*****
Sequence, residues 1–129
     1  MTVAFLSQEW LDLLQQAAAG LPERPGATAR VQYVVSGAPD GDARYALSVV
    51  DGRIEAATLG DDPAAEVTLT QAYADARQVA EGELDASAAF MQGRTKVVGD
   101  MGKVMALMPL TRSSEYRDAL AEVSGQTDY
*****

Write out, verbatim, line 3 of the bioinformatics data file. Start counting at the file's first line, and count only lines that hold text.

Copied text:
    51  DGRIEAATLG DDPAAEVTLT QAYADARQVA EGELDASAAF MQGRTKVVGD